Considering all the hoopdeela of the renovated galleries in Chelsea, where large beautiful spaces contain mostly boring art (a bit similar to fashion models - beautiful, but vacuous), it was an adventurous trek up to 40th Street and 8th Avenue, right across the street from the Port Authority bus terminal. When I hopped into the taxi, the driver asked what I might be doing over there, and I said, "meeting my drug dealer."
With its inaugural exhibition, "Art and the Crushing Force of Nature," the exhibition space "a cultural gem," shows promise in showing up-and-coming artists with ideas. Even the press release and the Village Voice blurb was seductive, "the third (artist) is a pervert" -- which one?
Was it a reference to the schizo-counter? "Show Me Where It Hurts / Kiss and Tell," by Aimee Simmons (collaborating with organizers, Jeff Macaluso and John Veena) was part psycho-analytic therapy counter and part kissing booth, where visitors could receive a kiss or advice depending upon which side you stood or sat (near the pink or black vinyl), something, besides the tiny foil kisses scattered on the counter.
"Show Me Where It Hurts / Kiss and Tell," Aimee Simmons, 1997
(with Jeff Macaluso and John Veena)
The pervert could also refer to Canadian artist, Marc Streifling. On one wall hung a mural-sized collage of "erotic" comic book images (Japanese Manga) appropriated from the Internet. A problematic work, not only from a feminist perspective, but also formally from the all too simple use of the Modernist grid. Naughty, but "candy-coated" nice.
A more subtle approach to reproduction and biological impulses was a piece by visting Swedish artist, Henrik Hakansson, "True Love (Drosophila melanogaster/
Dionaea muscipula)." The work is succinctly described by the artist: "consists of two PET (recyclable) bottles connected to each other through a clear plastic hose. One bottle makes a rearing chamber for Fruitflies (Drosophila melangogaster) in some different genetic varieties. The other bottle houses a group of carnivorous plants, the Venus Flytrap (Dionaea muscipula). Together they form a system of life and death/death and life. The set up is structured to be flexible and light for easy install and moving."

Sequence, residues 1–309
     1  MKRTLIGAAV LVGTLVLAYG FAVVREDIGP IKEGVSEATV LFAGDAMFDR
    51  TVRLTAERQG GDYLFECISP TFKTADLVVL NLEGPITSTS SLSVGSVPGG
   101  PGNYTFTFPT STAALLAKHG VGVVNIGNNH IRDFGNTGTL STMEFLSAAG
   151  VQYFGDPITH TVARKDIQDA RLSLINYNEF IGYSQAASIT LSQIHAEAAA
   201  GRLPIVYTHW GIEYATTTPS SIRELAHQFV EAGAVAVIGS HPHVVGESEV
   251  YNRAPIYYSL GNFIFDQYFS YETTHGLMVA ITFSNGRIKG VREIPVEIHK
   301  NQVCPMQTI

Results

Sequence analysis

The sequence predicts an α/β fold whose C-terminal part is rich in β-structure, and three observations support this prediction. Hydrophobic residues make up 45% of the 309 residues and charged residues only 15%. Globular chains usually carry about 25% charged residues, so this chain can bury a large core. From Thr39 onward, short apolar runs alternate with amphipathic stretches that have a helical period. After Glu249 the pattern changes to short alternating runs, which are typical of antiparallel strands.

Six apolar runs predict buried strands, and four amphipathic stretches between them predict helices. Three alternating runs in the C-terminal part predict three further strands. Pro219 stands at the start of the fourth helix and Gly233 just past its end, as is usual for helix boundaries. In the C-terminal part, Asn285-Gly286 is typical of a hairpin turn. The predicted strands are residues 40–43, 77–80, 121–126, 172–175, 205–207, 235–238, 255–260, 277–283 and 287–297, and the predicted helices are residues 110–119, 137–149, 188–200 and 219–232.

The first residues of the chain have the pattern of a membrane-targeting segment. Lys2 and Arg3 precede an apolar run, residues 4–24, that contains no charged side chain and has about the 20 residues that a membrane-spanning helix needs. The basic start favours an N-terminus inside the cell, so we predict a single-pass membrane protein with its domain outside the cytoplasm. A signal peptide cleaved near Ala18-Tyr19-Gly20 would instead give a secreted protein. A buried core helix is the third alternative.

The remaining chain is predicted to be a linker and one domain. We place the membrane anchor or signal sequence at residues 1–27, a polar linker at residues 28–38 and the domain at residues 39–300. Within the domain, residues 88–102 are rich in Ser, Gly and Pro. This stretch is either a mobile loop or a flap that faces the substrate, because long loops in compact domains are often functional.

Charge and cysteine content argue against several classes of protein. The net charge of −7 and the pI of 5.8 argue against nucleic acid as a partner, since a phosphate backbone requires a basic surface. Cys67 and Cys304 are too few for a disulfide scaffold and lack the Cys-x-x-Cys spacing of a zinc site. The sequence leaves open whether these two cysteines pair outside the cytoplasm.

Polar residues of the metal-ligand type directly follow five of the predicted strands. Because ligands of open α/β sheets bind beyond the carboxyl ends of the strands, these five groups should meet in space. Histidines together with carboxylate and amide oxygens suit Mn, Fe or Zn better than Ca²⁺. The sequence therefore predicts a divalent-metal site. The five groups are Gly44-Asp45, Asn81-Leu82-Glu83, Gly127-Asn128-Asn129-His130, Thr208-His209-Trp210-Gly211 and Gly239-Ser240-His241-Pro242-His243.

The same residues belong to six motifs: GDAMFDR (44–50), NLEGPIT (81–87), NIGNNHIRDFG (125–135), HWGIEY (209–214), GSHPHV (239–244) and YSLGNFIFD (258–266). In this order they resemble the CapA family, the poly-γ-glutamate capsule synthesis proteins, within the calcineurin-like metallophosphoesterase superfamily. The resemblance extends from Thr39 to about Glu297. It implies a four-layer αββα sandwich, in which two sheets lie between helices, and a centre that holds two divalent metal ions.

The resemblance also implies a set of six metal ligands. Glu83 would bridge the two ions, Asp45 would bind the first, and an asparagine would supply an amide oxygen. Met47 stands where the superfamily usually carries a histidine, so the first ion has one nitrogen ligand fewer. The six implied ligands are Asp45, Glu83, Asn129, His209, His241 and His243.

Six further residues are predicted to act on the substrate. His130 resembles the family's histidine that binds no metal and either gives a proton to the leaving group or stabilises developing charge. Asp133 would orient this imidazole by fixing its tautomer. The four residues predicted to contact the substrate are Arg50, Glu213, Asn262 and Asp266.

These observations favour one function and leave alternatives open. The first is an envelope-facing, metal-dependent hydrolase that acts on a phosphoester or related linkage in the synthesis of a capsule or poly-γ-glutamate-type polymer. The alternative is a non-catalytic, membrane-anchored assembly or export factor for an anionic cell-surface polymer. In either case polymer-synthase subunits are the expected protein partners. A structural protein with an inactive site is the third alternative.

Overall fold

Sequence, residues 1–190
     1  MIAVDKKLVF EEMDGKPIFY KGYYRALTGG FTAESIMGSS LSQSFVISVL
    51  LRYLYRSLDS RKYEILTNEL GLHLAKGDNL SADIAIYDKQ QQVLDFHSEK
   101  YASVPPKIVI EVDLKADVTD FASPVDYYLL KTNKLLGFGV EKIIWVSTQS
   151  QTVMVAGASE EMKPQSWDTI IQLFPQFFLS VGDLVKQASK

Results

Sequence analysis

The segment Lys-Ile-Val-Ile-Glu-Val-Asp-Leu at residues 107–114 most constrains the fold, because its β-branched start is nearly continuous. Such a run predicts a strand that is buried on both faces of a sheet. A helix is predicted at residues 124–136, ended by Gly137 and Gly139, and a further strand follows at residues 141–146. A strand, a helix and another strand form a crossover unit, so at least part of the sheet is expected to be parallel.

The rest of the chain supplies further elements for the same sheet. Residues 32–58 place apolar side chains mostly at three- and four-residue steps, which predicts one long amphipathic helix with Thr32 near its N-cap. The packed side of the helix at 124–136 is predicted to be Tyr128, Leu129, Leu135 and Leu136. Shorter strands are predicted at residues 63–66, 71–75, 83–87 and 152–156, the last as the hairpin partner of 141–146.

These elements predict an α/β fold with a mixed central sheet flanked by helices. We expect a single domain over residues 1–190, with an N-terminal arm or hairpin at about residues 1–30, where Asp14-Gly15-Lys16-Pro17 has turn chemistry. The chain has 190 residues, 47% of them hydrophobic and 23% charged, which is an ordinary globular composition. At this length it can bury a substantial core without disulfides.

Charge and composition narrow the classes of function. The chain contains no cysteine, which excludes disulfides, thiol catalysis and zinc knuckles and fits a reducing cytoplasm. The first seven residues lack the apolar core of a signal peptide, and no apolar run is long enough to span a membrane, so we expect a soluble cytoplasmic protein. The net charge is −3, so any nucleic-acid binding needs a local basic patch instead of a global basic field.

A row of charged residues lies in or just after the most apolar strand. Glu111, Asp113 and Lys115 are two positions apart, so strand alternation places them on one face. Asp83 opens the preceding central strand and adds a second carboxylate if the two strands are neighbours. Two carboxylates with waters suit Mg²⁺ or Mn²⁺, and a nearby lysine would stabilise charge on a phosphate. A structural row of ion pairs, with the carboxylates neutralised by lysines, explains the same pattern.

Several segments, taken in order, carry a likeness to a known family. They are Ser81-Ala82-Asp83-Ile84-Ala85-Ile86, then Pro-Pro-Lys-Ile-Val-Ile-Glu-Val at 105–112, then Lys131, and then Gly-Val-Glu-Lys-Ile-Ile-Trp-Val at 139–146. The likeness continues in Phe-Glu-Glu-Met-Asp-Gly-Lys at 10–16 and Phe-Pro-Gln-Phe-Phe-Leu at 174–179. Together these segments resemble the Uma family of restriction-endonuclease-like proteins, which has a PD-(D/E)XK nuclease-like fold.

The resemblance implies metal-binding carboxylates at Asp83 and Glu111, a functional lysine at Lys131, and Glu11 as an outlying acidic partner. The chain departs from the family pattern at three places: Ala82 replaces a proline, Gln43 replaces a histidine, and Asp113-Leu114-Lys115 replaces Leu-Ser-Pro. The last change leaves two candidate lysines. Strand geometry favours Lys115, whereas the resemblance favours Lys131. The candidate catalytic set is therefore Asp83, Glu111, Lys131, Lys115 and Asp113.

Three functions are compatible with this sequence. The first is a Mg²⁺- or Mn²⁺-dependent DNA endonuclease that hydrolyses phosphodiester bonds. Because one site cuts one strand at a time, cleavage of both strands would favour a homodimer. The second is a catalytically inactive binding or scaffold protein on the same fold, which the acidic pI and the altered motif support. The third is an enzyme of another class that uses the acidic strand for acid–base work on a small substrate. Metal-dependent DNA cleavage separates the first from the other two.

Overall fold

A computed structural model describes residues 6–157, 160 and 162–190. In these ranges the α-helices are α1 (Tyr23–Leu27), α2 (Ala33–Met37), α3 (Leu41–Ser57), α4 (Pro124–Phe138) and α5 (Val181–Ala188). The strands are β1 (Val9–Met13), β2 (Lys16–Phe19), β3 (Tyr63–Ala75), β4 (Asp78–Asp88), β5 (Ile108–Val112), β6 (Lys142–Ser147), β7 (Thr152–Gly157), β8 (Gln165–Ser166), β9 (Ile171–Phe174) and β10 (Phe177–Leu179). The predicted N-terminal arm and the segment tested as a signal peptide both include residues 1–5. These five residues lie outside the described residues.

"True Love" Drosophila melanogaster/Dionaea muscipula)," 1997
A sweet, if not ironic title, but this self-contained eco-system is actually more perverse and cruel. Mostly, because it appears as a hermetic or "closed system" and there exists only a couple options; no chance for escape for the specially cultivated species.
The more "utopian" option, would be to render the eco-system as an "open system." This model would have another tube connected from some point (near the beginning, middle or end, depending upon the preferred narrative) leading out to the nearby window. Whereas, the current system provides as options: stay at home base (the rearing chamber) or journey the length of plastic to be seduced by the soft, velvety green pad of carnivores (Venus Fly Trap), that will eventually close and digest with its juices.
However, "True Love" is still nicely executed by the blue cultivation chamber and green growth at the opposite end. The aesthetics of recyclable bottles mounted upon tripods; the effect rendered through an economy of means for a "poetic" idea.
Kelly, I like the utopian idea,Henrik
Kelly, Thankyou much for the review. Looks great. Sorry I didn't respond sooner but I have allowed myself to be left behind in computerland. I,m catching up though. Our next show is titled, "Deep Entertainment", and it will run three consecu- tive weekends opening June 14, 1997. This is the video show we talked about and I'm looking at Corala's videos this week end as well as 17 other artist's videos. It should be a good show. There's a big party (DJ's, dancing, etc.) after the reception on saturday night. Hope to see you then. The reception/opening is June 14th 6-8pm and the party after is 10-late. Again, I really do appreciate the attention. I'll see you round. Sincerely, Jeff Macaluso